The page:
This article originally appeared in the April 2018 issue of Dream of Italy. Find Kamin’s tips for Florence here. Join Kathy McCabe and Kamin on Facebook Live on November 17th for a Dream of Italy Book Club Meeting discussing Bella Figura: How to Live, Love and Eat the Italian Way. RSVP here!
Kamin Mohammadi has lived what sounds like a fairy tale: A decade ago she left her big-city, big-stress career in Manhattan, moved to Florence, met her Mr. Right, and now divides her time between his olive farm in Tuscany and London.
It sounds dreamy—until you know what went into Mohammadi’s journey. She arrived in Florence overweight, stressed, unemployed and disillusioned. It took a year in Italy before she got her happily ever after, and she attributes much of her newfound health and happiness to the Italian way of life.
Her new book, Bella Figura: How to Live, Love and Eat the Italian Way, is Kamin Mohammadi’s love letter to Italy, Florence and the man who is now her husband, Bernardo Conti.
Each chapter is devoted to a month, its best Italian produce, and a particular Italian word or phrase, from festina lente (hurry up slowly) to sprezzatura (finesse). Mohammadi laughs when asked if everything really happened in one year.
“That’s the best and craziest part!” she says. “And, I knew, at the end of that year, that I had to write about it. It just took me some time to see the significance of each step along the way.”
Dream of Italy Executive Editor Bethanne Patrick spoke with Mohammadi by phone from her home in Colognole in Tuscany.
Dream of Italy: What do you miss about your Big New York Job? Anything?
Kamin Mohammadi: Yes, I miss my American American Express card! I’m sorry if that’s vulgar to say, but it’s true. I could have lovely lunches out with that card. I’ve been really really lucky; I’m back with that company doing a similar job, but on a magazine that comes out just twice a year.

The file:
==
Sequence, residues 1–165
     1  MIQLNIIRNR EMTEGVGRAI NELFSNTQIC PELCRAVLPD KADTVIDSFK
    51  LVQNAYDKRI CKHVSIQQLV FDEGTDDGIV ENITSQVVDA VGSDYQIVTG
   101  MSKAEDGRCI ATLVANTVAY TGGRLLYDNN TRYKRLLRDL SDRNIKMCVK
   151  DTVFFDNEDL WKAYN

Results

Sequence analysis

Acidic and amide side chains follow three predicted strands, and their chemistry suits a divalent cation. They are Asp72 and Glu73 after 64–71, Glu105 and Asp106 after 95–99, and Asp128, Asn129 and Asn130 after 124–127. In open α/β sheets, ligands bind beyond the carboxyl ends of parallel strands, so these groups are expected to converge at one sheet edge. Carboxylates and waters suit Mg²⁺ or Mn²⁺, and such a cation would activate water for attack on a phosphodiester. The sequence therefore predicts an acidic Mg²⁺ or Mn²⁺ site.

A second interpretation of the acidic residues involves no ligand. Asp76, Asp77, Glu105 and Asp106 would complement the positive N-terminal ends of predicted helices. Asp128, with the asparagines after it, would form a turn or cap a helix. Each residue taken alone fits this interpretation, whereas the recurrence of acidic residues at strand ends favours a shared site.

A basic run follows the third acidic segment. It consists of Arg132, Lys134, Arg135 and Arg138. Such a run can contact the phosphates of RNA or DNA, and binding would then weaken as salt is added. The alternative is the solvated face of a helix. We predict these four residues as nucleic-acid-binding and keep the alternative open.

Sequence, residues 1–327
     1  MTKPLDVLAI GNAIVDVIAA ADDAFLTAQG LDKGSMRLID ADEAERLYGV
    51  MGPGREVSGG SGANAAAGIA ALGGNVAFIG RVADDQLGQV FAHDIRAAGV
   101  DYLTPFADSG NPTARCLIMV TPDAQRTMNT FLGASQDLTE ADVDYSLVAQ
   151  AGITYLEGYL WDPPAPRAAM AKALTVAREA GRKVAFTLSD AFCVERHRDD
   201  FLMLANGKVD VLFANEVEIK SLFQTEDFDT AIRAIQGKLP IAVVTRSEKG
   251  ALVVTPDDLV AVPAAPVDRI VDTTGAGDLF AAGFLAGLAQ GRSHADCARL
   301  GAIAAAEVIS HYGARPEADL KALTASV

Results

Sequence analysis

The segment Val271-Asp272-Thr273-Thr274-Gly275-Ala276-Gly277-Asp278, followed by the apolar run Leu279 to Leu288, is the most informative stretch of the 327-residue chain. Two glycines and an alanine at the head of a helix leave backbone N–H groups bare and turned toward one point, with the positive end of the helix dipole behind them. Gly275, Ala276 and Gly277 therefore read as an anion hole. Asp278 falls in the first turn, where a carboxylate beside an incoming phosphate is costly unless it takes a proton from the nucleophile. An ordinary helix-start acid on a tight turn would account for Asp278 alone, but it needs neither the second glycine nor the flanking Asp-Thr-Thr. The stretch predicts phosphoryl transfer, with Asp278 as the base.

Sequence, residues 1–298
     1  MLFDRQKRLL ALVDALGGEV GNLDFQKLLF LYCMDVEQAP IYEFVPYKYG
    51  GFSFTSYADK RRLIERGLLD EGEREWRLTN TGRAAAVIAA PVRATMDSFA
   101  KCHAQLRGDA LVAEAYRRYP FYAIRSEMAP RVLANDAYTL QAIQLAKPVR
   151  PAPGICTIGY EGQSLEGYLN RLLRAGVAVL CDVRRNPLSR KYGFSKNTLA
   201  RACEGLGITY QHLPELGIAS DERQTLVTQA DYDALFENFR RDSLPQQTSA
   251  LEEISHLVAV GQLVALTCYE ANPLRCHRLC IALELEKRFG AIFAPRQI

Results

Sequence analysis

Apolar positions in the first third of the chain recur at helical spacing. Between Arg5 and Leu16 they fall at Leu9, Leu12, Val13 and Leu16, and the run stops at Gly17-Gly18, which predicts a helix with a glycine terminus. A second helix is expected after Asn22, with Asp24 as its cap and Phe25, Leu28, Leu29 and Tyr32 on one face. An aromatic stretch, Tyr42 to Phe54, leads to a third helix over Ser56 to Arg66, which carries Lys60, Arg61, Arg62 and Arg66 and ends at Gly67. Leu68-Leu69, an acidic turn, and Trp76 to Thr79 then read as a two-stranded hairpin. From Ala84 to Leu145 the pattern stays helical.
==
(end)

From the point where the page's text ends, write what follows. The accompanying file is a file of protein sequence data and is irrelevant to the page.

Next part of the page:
I’m no longer in that space where it’s my be-all and end-all. And I get to go back for six weeks at a time, twice a year, and that’s probably just the right amount of time. I get to do the things I really enjoy, without the long-term stress.
DOI: Describe the difference between your two worlds.
KM: There’s a massive contrast between New York City, where I lived before I moved to Italy, and London, and Colognole. I just came back from nearly three months in London, a really intense period, and by around sort of week five I was done. It’s indescribable to come back here and not be on the Tube and not have buildings and noise and rush and pressure and stress—and all the amazing things of London too. I’ve been spoilt. I feel like I can’t really deeply de-stress in London now. I need the big sky.
DOI: Is it the surroundings, mainly? Or is there something else?
KM: Right. It’s pace of life as well. As soon as I get back here everything tastes so good. Whatever my level of stress has been I decompress, back to realizing that the point of a particular day can just be supper! It’s about the pleasure, the very simple life in Italy. In London there are many extremely pleasurable things—the one sunny day a year!—but the pleasures are quite sophisticated.
Just the quality of that blue of the sky in Florence, the palazzo, the Bardini Gardens, things so simple but so potent. . . It’s almost as if my values recalibrate. I just kind of naturally slow down and take a lot of pleasure from just going to the market and saying I’m just going to try this kind of vegetable.
DOI: A great deal of Bella Figura seems to focus on slowing down.